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Article ID: 320299 - Last Review: September 23, 2011 - Revision: 4.0

This article was previously published under Q320299

SYMPTOMS

If you shut down your Windows XP-based computer, your computer may restart instead of shutting down. The computer may also restart unexpectedly while you are using the computer to perform certain tasks. An error message may appear on a blue screen when the computer restarts.

CAUSE

This behavior may occur if Windows stops responding during a typical operation or during the shutdown process. By default, the computer is configured to automatically restart when Windows stops responding. To view this setting, follow these steps:
  1. Click the Start button, right-click My Computer, click Properties, click the Advanced tab, and then click Settings under Startup and Recovery.
  2. Under System Failure, view the Automatically restart check box. If the Automatically restart check box is selected, Windows automatically restarts if the computer stops unexpectedly.

RESOLUTION

If your computer constantly restarts while you are using it, or if you are trying to shut down the computer after it has stopped unexpectedly, click to clear the Automatically restart check box. If you clear this check box, you receive an error message when the computer stops responding. This error message may describe the cause of the problem. You can also review the system log in Event Viewer to view the critical stop error that occurs when the computer restarts. For additional information, click the following article number to view the article in the Microsoft Knowledge Base:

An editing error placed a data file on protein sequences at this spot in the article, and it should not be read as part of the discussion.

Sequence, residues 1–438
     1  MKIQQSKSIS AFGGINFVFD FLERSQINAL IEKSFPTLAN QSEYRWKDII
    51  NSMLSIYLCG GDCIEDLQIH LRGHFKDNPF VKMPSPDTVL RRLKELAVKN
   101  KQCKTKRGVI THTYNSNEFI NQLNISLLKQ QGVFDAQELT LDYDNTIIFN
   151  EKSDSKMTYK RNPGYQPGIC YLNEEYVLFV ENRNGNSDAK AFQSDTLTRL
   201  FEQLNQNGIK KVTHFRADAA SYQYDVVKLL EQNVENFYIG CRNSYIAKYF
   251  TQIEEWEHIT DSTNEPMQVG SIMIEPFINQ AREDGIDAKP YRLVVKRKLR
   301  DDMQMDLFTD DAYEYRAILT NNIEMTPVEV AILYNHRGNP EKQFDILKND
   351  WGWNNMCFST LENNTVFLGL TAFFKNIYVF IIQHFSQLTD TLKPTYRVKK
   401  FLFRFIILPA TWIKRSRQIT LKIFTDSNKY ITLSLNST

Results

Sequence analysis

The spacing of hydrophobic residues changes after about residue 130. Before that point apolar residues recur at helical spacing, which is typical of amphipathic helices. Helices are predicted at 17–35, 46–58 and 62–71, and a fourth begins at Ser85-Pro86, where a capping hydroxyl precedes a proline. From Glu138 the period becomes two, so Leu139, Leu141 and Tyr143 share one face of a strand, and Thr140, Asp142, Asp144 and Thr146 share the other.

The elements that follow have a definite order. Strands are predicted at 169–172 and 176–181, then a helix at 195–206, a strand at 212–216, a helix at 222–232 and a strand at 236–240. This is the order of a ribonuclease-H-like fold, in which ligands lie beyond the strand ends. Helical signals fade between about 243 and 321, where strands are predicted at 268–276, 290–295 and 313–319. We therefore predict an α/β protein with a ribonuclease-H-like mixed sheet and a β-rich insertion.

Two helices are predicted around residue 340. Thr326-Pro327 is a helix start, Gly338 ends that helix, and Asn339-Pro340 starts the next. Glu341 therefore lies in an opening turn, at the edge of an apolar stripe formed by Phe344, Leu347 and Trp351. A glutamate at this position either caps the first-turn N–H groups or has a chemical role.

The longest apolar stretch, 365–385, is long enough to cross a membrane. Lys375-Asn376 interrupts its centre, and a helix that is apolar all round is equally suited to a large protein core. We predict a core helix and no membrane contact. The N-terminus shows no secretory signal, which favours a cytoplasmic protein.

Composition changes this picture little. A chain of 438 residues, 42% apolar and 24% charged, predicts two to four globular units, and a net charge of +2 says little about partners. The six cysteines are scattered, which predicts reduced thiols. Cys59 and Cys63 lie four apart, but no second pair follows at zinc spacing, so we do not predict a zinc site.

308427  (http://support.microsoft.com/kb/308427/ ) HOW TO: View and manage event logs in Event Viewer in Windows XP
To configure the way that Windows responds when the computer stops unexpectedly, follow these steps.

Note: You must be logged on as an administrator or a member of the Administrators group to complete this procedure. If your computer is connected to a network, network policy settings may prevent you from completing this procedure.
  1. Log on to the host computer as either an administrator or the owner.
  2. Click Start, and then click Control Panel.
  3. Under Pick a category, click Performance and Maintenance.
  4. Under the or pick a Control Panel icon section, click System.
  5. Click the Advanced tab, and then click Settings under Startup and Recovery.
  6. Click to select any one of the following check boxes under System Failure:
    • Write an event to the system log
    • Send an administrative alert
    • Automatically restart

STATUS

This behavior is by design.

MORE INFORMATION

By default, the Automatically restart check box is selected so that you can continue to use the computer if a critical stop error occurs. Microsoft Services starts during the startup process before you log on. Therefore, the computer is functional after it restarts. If the computer stops because of a critical stop error, you lose all functionality, including the remote access functionality. After the computer restarts, you can investigate the reason for the stop error.